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A Multi-Laboratory Comparison of Methods for Detection and Quantification of African Swine Fever Virus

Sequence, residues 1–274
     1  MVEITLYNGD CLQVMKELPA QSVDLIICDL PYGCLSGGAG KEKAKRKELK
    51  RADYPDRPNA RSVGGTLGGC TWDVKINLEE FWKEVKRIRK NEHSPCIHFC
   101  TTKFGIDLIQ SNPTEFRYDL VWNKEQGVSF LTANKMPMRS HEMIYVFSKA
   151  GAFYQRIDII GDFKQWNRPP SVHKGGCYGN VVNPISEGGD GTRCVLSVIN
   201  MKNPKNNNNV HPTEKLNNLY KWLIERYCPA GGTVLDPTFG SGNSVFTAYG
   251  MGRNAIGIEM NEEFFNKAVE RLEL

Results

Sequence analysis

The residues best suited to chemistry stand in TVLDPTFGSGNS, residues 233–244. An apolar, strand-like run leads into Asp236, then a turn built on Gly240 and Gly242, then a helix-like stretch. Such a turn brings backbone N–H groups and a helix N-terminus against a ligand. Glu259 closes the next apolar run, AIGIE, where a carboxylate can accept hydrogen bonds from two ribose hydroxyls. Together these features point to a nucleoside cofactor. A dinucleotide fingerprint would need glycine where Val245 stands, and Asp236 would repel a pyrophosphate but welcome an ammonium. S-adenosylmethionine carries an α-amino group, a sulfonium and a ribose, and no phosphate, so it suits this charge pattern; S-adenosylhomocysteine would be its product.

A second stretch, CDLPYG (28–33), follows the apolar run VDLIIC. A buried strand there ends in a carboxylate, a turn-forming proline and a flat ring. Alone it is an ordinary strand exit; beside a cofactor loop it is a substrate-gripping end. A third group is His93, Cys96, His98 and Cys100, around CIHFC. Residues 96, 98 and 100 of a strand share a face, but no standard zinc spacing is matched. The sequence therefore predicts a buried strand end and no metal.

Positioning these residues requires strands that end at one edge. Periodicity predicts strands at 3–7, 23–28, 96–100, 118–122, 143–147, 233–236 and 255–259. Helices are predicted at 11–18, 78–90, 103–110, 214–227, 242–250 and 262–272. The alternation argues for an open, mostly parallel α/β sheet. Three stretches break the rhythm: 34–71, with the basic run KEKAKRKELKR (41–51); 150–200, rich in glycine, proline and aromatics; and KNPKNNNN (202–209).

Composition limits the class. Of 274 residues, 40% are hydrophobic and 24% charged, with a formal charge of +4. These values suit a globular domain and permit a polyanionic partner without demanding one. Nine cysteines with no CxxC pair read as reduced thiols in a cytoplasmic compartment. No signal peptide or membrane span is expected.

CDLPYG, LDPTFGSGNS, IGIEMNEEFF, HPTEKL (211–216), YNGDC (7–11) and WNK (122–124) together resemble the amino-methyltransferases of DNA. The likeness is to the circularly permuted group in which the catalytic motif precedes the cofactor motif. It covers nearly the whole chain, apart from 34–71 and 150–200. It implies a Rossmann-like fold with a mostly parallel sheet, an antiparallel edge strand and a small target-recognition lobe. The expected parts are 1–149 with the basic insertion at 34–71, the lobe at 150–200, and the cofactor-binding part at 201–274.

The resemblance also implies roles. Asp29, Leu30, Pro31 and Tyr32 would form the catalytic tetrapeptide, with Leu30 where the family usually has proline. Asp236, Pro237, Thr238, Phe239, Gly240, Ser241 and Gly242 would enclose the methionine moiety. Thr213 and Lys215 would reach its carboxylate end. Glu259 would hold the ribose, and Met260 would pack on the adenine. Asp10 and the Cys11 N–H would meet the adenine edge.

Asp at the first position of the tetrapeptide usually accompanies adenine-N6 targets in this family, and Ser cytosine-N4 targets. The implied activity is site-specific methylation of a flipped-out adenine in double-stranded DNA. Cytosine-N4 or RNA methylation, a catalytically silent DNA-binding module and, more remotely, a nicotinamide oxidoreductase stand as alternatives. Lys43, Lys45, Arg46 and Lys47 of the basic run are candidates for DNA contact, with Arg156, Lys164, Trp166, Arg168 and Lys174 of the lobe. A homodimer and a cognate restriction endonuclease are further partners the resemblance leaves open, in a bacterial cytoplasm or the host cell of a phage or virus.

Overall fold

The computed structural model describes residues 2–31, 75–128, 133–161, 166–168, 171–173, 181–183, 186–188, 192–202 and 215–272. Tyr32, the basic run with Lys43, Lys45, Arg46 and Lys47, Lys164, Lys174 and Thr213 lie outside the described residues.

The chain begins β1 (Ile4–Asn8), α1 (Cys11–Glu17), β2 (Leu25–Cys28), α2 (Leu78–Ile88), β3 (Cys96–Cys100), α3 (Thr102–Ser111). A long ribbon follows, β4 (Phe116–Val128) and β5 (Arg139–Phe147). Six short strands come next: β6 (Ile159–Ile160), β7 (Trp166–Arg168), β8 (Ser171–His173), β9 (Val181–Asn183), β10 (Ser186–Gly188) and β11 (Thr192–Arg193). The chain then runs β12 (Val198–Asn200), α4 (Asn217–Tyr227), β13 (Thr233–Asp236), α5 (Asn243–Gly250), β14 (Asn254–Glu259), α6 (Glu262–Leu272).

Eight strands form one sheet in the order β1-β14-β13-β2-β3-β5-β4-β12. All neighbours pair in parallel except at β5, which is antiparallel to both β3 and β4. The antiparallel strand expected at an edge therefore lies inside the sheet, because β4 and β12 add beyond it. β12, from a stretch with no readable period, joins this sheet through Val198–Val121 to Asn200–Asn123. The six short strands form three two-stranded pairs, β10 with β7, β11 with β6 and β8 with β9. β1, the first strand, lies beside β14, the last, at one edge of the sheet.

African swine fever is a viral disease of the family Suidae. Methods to detect and quantify African swine fever virus (ASFV) include qPCR and virus infectivity assays. Individual laboratories often use in-house procedures for these assays, which can hamper the comparison of results. The objective of this study was to estimate the probability of ASFV detection using these assays, and to determine the inter-test correlations between results. This was achieved by testing a panel of 80 samples at three reference laboratories. Samples were analysed using nucleic acid extraction and qPCR, as well as virus infectivity assays. For qPCR, a very high probability (ranging from 0.96 to 1.0) of detecting ASFV DNA was observed for all tested systems. For virus infectivity assays in cells, the probability of detecting infectious ASFV varied from 0.68 to 0.90 and was highest using pulmonary alveolar macrophages, followed by MARC145 cells, peripheral blood monocytes, and finally wild boar lung cells. Intraclass correlation coefficient estimates of 0.97 (0.96–0.98) between qPCR methods, 0.80 (0.74–0.85) to 0.94 (0.92–0.96) between virus infectivity assays, and 0.77 (0.68–0.83) to 0.95 (0.93–0.96) between qPCR methods and virus infectivity assays were obtained. These findings show that qPCR gives the highest probability for the detection of ASFV.



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